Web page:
In County Clare, tucked between two of Ireland's most magical ports of call—Ballybunion and Lahinch—is the tiny parish of Doonbeg, a town of 215 that boasts five pubs, a ruined castle and perhaps the most seductive stretch of coastline on the Emerald Isle. Framing the roiling waters of Doughmore Bay is a tangle of towering dunes reaching as high as one hundred feet toward the heavens, the kind of evocative linksland that for more than a century has beckoned would-be golf course designers. According to one of Doonbeg's local legends, officers of the Scottish Black Watch Regiment, stationed in Limerick, considered these dunes in 1892 the perfect place to build the golf course of their dreams. The idea was eventually abandoned owing to the remote location—the SBWR instead built the famous links at Lahinch, which was much closer to the rail service of the day. Now Kiawah Development Partners, in association with Landmark National, has rekindled the plans, bringing in Greg Norman to find the layout within the land and create Doonbeg Golf Club. "It was an awesome responsibility," Norman told T&L Golf in August. "Nothing on this earth compares to Doonbeg."
The course will officially open for play next spring, but this summer I was one of the first outsiders allowed to tour the links. It has taken more than a century for a golf course to arise on Doonbeg's coast, and I am happy to report that it was well worth the wait.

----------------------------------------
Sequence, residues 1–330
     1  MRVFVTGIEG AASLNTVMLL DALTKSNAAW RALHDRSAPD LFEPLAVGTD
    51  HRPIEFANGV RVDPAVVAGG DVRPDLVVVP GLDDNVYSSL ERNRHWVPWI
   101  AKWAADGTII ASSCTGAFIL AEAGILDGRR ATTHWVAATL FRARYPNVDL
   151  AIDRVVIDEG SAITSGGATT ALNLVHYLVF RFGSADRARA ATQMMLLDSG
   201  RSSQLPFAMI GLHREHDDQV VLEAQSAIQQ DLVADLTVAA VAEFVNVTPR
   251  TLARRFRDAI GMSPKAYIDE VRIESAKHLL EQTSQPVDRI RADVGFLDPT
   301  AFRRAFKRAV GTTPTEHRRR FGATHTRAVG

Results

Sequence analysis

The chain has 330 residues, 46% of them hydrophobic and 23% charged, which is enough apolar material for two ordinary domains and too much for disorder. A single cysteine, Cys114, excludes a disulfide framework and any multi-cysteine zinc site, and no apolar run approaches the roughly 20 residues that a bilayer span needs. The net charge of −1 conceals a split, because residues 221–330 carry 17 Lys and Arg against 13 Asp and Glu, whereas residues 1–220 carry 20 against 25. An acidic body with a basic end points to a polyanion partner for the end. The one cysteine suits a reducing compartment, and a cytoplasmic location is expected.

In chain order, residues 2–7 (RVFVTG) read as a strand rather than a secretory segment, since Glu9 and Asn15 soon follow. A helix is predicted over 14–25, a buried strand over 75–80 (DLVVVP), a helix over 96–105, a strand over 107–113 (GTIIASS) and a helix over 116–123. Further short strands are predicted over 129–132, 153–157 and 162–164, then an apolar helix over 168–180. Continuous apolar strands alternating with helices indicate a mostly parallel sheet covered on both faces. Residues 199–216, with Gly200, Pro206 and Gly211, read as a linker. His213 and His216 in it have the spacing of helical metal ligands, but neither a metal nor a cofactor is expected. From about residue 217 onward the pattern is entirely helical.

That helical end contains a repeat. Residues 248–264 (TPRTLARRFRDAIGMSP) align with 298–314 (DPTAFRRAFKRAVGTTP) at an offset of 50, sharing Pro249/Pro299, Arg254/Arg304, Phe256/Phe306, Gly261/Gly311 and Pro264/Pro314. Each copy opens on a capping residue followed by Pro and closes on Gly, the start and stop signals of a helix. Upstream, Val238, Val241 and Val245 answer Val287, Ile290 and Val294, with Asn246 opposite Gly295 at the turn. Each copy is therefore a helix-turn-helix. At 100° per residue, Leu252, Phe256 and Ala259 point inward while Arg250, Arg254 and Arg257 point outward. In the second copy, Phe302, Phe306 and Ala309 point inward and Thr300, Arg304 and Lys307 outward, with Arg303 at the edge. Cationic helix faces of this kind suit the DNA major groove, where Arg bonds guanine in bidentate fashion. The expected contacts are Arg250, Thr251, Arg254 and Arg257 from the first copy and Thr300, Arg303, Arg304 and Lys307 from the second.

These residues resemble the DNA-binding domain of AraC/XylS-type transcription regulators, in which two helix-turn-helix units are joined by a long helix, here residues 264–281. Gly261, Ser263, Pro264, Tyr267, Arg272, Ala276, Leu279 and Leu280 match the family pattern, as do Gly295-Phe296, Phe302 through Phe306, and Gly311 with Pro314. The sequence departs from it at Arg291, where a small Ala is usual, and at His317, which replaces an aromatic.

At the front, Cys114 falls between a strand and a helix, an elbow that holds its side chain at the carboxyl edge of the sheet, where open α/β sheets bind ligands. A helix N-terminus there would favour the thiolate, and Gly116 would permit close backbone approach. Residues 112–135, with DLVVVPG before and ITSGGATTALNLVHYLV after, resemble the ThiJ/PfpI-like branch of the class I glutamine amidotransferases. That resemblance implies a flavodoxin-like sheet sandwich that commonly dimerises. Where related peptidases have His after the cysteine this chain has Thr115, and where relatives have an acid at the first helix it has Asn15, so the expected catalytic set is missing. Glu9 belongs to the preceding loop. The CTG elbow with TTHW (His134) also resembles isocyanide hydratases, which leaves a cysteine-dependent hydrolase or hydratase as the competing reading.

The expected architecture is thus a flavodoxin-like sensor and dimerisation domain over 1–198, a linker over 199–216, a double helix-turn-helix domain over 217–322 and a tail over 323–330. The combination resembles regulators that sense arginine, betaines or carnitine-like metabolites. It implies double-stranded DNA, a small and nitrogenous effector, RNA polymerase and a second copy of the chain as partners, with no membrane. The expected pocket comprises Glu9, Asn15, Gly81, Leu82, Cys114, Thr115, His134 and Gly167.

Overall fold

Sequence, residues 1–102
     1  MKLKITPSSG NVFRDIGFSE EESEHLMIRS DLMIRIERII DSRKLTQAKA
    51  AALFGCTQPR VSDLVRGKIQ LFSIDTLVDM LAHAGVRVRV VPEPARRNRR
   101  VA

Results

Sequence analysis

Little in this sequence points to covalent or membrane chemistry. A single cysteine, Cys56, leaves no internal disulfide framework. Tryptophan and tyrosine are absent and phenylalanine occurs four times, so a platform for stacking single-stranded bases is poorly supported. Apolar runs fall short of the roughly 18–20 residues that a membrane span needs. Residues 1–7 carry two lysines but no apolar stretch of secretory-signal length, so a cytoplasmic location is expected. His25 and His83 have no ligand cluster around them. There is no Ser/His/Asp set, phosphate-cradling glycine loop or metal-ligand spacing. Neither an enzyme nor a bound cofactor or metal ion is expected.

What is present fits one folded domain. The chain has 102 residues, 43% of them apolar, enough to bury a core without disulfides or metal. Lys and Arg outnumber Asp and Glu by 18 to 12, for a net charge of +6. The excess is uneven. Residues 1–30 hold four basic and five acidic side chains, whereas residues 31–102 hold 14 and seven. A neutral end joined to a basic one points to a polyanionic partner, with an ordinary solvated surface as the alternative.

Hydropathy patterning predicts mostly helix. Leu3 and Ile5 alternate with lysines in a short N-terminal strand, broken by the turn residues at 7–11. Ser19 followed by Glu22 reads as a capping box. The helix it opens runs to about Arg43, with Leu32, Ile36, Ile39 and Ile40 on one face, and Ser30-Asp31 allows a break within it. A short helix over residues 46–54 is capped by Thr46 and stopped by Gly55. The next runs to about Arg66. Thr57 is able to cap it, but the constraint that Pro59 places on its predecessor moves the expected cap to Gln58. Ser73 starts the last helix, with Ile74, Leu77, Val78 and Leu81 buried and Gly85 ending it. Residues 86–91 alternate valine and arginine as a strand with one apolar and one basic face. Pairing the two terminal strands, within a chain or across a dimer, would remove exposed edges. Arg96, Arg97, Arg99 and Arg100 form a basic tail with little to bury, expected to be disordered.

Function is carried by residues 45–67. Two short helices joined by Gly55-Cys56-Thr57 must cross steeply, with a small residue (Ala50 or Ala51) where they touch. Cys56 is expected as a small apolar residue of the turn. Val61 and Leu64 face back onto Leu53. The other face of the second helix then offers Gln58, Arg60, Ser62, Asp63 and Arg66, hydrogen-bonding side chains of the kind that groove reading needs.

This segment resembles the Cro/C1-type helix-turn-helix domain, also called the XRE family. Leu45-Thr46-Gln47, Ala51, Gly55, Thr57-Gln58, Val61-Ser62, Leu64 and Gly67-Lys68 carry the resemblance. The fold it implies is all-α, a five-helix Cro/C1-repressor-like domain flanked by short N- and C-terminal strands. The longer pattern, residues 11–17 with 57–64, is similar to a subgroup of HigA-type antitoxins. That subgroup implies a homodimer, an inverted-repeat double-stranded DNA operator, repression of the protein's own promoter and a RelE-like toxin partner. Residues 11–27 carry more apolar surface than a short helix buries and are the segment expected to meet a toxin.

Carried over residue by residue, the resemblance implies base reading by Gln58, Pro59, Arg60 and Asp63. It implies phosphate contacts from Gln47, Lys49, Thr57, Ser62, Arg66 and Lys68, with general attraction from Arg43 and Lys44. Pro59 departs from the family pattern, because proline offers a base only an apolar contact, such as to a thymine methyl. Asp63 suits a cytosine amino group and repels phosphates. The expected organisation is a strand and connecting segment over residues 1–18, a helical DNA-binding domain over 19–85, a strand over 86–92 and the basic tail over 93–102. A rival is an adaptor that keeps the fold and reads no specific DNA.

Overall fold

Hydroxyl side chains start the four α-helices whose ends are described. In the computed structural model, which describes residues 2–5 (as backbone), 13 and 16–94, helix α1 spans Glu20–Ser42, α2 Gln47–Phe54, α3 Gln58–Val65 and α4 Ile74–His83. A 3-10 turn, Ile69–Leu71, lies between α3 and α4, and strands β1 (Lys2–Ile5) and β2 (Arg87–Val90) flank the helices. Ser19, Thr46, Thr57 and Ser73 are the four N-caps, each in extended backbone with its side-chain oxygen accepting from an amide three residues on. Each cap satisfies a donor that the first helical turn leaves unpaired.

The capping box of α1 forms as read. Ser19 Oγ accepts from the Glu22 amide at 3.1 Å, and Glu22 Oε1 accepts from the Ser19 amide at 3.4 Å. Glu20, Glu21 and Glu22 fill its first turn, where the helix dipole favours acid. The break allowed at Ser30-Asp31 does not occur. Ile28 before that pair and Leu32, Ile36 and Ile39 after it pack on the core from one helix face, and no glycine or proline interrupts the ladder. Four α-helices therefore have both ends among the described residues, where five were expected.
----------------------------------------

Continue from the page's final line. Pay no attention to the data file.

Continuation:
Doonbeg couldn't have a more pastoral vibe—the kind of rural setting where Ned Devine still slumbers. From the aerie of the elevated first tee, it is as quiet as a cathedral save the pounding of the waves. The view, too, is epic. A mile-and-a-half-long crescent-shape beach overwhelms the senses with a sweeping grandeur that makes you want to pound your chest.
Somehow the course is equal to the majestic surroundings. Astonishingly, Norman made eighteen site visits during Doonbeg's creation, and the result is a course that is splendid yet wild and woolly, like a supermodel the next morning. Doonbeg couldn't feel more natural, no doubt because, at Norman's insistence, there was no machine grading. The superb bunkers were built by hand. And the course's proximity to the townsfolk means there is always a rumpled old man out walking his dog, cheerily offering his salutations.
Doonbeg gets off to a rollicking start, with a long, serpentine par five that plays to a green gorgeously bordered by some of the tallest dunes on the property. It must rank with those at Spyglass Hill, Bel-Air and Castle Pines as among the best opening par fives in the world. From this initial salvo there is no letup. After some truly great inland holes, Doonbeg provides another jolt when it turns back to the sea, beginning at number five. This midlength par four requires an uphill drive to a saddle pinched by dunes, then opens up to reveal a downhill approach to a green set against the sparkling Atlantic. The back nine features three holes—the fourteenth, fifteenth and eighteenth— that will rank among the most captivating in golf. The par-four eighteenth doglegs along the coast and plays to one of the testiest in a collection of outstanding green complexes. Is there a course anywhere that begins and ends with such grand holes?"Not that I've played," says Norman, who is already dreaming out loud that someday this risk-reward masterpiece will host a Ryder Cup.
One word of warning: The rough, right now, is beyond penal. But Doonbeg was built hard with the idea that it will soften over time; hopefully by the official opener the rough will be more reasonable. A few other kinks, like the layup shots on eight and ten, can be dealt with later. These few quibbles aside, Doonbeg is destined to become golf's next must-play destination.
For information call 011-353-65-90-55246 or visit doonbeggolfclub.com. The green fee will be around $165.